Earth Summit 2002   Limpopo Basin

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Eradication of Diarrhoeal Disease in the Limpopo Basin through Health Related Catchment Development



Diarrhoeal disease accounts for a high proportion of the preventable deaths and illness in the Limpopo basin.  The social impact translates to diarrhoea diseases causing the death of 20,000 people p.a. in the region.  It also affects morbidity rates, loss of work, training etc.  The economic impact translates to direct health cost SA Rand 3bn/ yr while indirect health as well as opportunity costs amount to SA Rand 20bn/yr.

Children are particularly vulnerable to the combined effects of substandard water quality, insufficient sanitation and poor hygiene.  Reduced diarrhoeal disease will lead to reduced morbidity, less loss of work, training, direct and indirect health cost reductions.  Cleaning up faecal and other waste pollution of water in the river basin will improve water quality and create a virtuous spiral of improved health.


Action Plan Goals

·          Develop and implement health‑related interventions to eradicate diarrhoeal disease for the entire target river basin to such an extent that the reduced levels should at least be those of developed‑world incidence.

·         This target will be achieved over a 15‑year period.

·         The project will be initiated at the lowest catchment scale i.e. quaternary catchments of the Limpopo and will be based on community‑level participation principles.

·         The process will then be multiplied up through the tertiary and secondary to the primary catchment, expanding to all‑inclusive stakeholder participation to ensure sustainability.



To enhance existing regional, national and community level catchment development activities, we propose to use a vehicle we refer to as health‑related catchment development.  This implies that the health‑focus of Diarrhoea Disease Eradication (DDE) is infused to enhance existing water resource (catchment) management processes and structures (e.g. water quality and sanitation improvement initiatives etc.), and where these do not exist, to stimulate such initiatives through DDE.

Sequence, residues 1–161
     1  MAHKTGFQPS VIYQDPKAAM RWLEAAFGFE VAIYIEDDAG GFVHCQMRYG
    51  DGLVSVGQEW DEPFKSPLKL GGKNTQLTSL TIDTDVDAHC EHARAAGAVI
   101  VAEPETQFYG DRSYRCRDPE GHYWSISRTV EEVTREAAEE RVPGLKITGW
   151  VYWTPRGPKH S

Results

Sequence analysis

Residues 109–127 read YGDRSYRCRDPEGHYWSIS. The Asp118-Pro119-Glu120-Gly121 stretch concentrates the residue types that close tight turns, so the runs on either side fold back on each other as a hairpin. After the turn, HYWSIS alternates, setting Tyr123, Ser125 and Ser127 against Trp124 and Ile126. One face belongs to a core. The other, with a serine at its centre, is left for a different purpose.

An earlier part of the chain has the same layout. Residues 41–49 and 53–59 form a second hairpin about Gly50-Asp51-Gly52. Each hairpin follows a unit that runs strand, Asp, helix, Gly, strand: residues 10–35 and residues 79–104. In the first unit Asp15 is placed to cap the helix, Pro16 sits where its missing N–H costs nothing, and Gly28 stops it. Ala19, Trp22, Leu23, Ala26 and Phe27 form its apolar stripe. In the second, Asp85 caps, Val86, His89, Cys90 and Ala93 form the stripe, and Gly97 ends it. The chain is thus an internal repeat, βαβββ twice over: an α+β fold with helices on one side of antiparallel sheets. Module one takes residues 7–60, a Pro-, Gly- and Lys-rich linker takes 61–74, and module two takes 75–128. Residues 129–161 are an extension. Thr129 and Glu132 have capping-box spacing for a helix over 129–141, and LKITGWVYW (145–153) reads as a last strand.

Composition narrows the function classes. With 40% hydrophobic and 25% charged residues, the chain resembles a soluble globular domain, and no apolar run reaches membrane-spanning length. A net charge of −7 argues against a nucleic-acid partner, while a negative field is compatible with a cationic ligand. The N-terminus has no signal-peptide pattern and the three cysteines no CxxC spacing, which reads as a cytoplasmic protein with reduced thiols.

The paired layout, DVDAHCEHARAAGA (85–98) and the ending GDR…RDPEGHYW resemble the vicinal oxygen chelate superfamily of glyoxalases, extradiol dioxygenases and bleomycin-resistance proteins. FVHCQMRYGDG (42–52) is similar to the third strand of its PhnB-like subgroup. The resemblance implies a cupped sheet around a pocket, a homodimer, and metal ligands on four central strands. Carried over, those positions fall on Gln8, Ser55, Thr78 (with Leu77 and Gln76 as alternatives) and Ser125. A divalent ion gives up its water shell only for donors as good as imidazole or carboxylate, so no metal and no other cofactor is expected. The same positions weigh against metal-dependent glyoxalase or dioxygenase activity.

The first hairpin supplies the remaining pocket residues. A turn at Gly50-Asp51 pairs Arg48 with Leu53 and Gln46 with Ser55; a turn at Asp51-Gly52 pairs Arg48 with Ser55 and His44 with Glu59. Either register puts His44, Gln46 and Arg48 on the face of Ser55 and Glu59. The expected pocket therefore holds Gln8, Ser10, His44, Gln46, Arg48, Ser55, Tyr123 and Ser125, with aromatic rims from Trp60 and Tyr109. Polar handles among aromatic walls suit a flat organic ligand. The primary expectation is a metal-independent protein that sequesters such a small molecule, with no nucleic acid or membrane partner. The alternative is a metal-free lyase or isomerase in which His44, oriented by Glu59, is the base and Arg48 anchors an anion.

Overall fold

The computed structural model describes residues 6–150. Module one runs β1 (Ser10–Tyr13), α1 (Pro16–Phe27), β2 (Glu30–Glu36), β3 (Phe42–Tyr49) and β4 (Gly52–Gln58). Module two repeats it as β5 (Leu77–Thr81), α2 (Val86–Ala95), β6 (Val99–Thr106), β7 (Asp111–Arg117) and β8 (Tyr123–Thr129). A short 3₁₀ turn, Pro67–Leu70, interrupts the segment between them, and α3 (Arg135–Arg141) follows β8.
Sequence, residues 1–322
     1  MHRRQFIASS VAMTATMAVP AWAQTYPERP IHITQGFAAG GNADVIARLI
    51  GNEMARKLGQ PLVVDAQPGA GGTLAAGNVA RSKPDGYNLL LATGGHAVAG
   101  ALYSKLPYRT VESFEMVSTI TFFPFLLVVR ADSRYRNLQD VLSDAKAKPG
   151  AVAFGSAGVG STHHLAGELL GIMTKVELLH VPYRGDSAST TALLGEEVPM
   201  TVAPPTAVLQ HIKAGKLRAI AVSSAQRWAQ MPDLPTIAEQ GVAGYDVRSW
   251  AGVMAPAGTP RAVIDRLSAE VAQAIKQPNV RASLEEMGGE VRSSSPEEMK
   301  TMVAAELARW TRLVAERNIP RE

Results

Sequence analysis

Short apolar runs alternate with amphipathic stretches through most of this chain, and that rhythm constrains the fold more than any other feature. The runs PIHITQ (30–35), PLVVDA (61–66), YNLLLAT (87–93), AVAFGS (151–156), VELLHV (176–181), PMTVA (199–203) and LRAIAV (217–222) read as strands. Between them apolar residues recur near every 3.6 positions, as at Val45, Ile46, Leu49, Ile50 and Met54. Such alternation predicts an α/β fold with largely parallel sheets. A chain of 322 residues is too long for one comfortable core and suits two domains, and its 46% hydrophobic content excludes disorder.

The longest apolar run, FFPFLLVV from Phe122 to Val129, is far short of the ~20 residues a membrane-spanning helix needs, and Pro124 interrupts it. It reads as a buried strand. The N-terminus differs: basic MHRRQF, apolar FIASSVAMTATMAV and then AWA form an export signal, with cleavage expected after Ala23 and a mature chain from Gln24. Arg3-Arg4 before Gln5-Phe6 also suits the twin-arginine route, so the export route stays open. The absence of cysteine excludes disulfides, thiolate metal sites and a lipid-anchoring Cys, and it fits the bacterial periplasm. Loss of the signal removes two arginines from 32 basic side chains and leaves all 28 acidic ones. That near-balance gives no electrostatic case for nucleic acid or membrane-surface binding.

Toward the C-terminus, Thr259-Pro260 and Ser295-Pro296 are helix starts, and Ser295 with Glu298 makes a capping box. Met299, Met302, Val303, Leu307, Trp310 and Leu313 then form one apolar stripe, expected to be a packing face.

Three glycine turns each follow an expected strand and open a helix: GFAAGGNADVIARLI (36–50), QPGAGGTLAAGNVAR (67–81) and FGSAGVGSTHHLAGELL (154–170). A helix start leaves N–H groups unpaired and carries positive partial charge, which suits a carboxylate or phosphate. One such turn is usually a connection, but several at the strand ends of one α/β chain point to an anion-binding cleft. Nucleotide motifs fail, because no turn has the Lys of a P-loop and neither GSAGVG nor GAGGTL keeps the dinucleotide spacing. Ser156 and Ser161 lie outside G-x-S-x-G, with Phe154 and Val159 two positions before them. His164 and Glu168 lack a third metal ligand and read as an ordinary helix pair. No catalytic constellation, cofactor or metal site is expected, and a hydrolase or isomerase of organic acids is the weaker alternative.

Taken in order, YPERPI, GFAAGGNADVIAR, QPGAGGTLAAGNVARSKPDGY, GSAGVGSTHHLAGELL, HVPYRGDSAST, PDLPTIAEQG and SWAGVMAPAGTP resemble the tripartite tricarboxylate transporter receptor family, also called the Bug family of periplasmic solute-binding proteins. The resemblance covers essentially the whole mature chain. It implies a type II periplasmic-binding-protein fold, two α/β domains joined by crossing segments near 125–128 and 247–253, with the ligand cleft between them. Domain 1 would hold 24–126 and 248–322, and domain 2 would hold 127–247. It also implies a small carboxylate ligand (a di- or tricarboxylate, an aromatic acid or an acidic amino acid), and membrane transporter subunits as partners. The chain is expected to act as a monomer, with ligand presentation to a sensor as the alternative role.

Initial participatory forums will be set up at the primary level (entire basin, 9 million. inhabitants) to identify quaternary catchments to pilot DDE initiatives as case studies.  Following this approach, participatory development actions, aimed at DDE, will be initiated at the family / household level and sustained by active CBO involvement.

Based on the successes achieved a model will be developed that can be applied to all communities in the Limpopo basin. The processes in the model will be multiplied upwards through the catchment scales creating a South-to-South exchange through development and sustaining of a regional civil society forum.

While involvement of stakeholders at each level is a crucial aspect of this Action Plan, the activities at the quaternary level will be largely CBO driven, based on community sized related to the scale of the catchment (i.e. 10,000 people at the quaternary catchment unit).


Project outline (Table 1 provides details)

Collaboration between South Africa, Botswana, Mozambique and Zimbabwe governments to co‑ordinate the regional approach.

The SADC Water Sector is the co‑ordinating unit.

At the primary level the Limpopo Basin Permanent Technical Committee (LBPTC) is set up to deal with issues common to all participating countries.

To practice trans‑boundary co‑operation, a multi‑party stakeholder forum at primary level will identify country‑specific, as well as shared quaternary catchments in which case studies will be conducted.

Successful outcomes, based on best practices will be multiplied up the catchment scales to eventually include the entire Limpopo basin.